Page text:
Haiti: A Prayer for Hell

Haiti: A Prayer for Hell
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Horrific scene It takes place in the capital of Haiti, Port-au-Prince.

One of the gang members was arrested. His body was burned outside the ruins of a destroyed house.

A few dozen meters away, a crowd of people stands and follows them. A hungry pig searches for garbage near a dead person. Black smoke rising into the sky.

Meanwhile, Pastor Locon Rigaud (46) desperately fled the country.

The trip to Haiti was marked by turmoil and sadness. He was returning home in a state of complete collapse to bury his father.

Now he just wants out.

On his way to the border, he takes a photo of the sunrise. This is how he wants to remember Haiti.

– The matches were in full swing In Port-au-Prince, we did everything to bypass the capital on our way to the border, the priest told VG.

The island of Hispaniola consists of French-speaking Haiti and the Spanish-speaking Dominican Republic.

The vacation spot on the Dominican side of the island is regularly referred to as a tropical paradise.

The frequent chaos, suffering and death mean that Haiti is regularly compared to hell on earth.

At the border crossing, those who want to exit Haiti face closed doors. But the priest had an ace up his sleeve: an American passport.

He belongs to more than 730,000 immigrants in the United States who were born in Haiti.

After 15 years in the United StatesAnd with dual citizenship, the priest still has no doubts.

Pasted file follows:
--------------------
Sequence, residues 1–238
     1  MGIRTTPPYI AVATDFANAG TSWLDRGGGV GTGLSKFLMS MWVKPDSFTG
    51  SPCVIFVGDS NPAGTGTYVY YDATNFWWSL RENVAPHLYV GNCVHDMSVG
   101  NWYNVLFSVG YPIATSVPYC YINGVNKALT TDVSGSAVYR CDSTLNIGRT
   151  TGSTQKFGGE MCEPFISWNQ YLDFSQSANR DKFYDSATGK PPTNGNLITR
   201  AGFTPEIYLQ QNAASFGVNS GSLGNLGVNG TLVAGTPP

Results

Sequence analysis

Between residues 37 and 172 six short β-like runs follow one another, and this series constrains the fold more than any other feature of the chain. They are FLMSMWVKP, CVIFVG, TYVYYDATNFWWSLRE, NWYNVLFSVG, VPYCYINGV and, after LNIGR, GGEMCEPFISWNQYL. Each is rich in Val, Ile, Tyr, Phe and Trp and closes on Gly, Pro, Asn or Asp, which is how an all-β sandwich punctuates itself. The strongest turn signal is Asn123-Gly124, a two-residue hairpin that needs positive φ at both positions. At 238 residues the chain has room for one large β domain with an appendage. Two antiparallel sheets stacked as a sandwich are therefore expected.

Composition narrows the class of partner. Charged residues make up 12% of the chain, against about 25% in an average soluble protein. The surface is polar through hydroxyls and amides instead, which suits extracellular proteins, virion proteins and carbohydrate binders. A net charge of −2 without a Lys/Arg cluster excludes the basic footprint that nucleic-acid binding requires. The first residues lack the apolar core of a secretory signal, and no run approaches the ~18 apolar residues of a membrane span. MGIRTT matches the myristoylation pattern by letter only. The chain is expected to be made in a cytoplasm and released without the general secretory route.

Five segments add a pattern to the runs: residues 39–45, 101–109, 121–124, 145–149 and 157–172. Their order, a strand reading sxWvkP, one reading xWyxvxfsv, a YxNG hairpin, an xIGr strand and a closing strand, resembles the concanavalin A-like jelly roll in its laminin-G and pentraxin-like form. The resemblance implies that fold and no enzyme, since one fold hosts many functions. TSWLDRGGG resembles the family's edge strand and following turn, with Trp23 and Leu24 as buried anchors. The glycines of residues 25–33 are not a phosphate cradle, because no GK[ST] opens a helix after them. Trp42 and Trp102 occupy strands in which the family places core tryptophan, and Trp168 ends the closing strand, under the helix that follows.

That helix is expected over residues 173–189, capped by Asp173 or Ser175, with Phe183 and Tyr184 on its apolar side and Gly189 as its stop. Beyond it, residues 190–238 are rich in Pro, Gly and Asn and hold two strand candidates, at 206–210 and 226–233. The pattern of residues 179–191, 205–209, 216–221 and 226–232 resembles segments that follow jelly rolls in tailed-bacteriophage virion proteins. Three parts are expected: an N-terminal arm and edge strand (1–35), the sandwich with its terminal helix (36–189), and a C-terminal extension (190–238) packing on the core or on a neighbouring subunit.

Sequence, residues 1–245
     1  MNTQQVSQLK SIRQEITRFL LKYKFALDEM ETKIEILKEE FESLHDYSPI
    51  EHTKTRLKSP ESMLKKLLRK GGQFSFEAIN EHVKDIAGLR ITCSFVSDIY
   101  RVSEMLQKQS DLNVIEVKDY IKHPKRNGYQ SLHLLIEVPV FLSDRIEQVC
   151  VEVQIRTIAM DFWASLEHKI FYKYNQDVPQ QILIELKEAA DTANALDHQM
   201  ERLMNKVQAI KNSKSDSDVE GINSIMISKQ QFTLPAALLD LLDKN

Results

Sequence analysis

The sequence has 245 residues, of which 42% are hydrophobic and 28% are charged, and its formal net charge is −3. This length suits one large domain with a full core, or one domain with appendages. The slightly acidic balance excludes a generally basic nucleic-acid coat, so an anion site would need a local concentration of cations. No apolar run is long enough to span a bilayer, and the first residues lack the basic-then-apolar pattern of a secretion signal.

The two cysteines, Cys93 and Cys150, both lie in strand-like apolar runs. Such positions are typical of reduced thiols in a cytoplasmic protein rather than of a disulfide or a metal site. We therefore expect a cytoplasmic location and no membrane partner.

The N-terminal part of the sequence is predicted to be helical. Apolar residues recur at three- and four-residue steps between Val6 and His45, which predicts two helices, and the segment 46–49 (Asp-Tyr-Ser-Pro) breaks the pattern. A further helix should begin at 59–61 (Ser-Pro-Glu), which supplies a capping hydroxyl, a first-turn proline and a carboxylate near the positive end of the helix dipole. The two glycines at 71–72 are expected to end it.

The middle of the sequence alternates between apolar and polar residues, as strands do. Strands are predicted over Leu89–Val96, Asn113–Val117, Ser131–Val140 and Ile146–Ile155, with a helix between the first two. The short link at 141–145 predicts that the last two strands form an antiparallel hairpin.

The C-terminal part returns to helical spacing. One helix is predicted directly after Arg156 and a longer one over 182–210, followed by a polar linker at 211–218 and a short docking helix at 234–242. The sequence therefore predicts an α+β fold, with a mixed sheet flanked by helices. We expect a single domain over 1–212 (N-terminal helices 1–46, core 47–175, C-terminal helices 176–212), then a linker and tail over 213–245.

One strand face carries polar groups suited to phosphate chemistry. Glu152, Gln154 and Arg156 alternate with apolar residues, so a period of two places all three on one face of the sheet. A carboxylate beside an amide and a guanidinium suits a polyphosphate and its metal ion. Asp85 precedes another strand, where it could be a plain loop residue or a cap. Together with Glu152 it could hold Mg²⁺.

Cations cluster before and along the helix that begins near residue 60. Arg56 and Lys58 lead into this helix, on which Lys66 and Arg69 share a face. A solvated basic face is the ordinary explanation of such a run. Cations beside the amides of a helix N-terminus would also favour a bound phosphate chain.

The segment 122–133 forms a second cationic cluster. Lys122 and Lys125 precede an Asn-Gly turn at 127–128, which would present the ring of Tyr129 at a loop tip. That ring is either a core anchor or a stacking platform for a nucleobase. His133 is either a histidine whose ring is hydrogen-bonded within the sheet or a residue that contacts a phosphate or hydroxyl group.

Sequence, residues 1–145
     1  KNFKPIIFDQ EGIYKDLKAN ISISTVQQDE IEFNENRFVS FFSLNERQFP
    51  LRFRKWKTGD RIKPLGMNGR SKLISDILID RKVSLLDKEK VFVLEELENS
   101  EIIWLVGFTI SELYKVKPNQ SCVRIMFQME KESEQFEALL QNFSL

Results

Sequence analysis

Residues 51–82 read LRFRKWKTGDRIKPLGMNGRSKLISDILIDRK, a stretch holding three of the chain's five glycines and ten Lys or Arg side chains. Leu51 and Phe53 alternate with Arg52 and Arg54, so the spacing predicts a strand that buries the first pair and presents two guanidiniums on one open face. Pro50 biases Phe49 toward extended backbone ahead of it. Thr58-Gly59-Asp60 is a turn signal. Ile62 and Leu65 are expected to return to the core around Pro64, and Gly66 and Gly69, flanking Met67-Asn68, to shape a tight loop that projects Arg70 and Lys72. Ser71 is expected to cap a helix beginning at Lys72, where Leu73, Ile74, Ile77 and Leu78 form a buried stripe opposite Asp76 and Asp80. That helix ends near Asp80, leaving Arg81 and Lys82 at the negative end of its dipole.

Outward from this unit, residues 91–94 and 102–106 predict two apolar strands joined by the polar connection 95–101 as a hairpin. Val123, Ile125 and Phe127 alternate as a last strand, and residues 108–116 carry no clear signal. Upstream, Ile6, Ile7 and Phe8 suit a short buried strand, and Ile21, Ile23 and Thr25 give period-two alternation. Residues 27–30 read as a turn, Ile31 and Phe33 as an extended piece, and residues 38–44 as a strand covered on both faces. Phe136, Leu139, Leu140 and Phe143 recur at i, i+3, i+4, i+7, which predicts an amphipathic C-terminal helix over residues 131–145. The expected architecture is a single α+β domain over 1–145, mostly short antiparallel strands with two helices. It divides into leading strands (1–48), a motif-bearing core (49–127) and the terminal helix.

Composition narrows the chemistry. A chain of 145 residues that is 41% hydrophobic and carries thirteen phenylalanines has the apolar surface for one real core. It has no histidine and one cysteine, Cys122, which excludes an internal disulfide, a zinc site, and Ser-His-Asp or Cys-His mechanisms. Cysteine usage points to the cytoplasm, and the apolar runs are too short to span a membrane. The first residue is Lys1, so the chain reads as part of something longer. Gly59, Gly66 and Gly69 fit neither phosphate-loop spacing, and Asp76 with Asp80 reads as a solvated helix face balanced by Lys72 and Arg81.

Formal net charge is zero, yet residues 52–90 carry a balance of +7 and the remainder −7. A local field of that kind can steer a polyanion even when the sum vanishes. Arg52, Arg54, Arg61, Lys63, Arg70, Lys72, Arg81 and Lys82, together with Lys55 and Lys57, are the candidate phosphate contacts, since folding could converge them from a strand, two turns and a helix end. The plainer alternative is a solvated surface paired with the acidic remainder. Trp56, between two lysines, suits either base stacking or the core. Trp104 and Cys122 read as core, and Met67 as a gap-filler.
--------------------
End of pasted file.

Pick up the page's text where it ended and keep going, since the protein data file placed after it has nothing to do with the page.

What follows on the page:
– My home is Haiti. In the heart it will always be like this. But life is almost unbearable in Port-au-Prince. He explains that when the capital is in chaos, the entire country suffers.

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Haiti's history is marked by violence. Built on brutal slavery, the island nation gained its freedom after an extremely bloody revolution in 1804.

– Haiti is still paying the price for the liberation of black slaves, says Pastor Rigo.

– The United States and France always pressured us. At the same time, our leaders have failed the people. Now the situation is terrible. once again.

France is forced In the 19th century, the liberated country paid huge reparations to the former plantation owners, and Haiti was never able to get back on its feet.

The last decades of the 20th century were marked by the brutal dictatorship of father and son Duvalier, known as “Papa Doc” and “Baby Doc.” They were supported by the United States.

Since 2018, criminal gangs have taken complete control of the city. Now it's worse than ever.

A gang leader with the strange nickname “BBQ” because he burns his enemies to death has taken power.

But where do the gangs get all the weapons, asks Pastor Rigaud?

Haiti is located right next to Florida. We don't make weapons ourselves. He explained that these gangs have become stronger than the police and the army.

– The United States is unable to stop illegal arms sales to Haiti, but it is able to prevent people from Haiti who want to come here as refugees, explains the pastor.

VG hears the same argument from everyone we talk to in the New York area known as “Little Haiti.”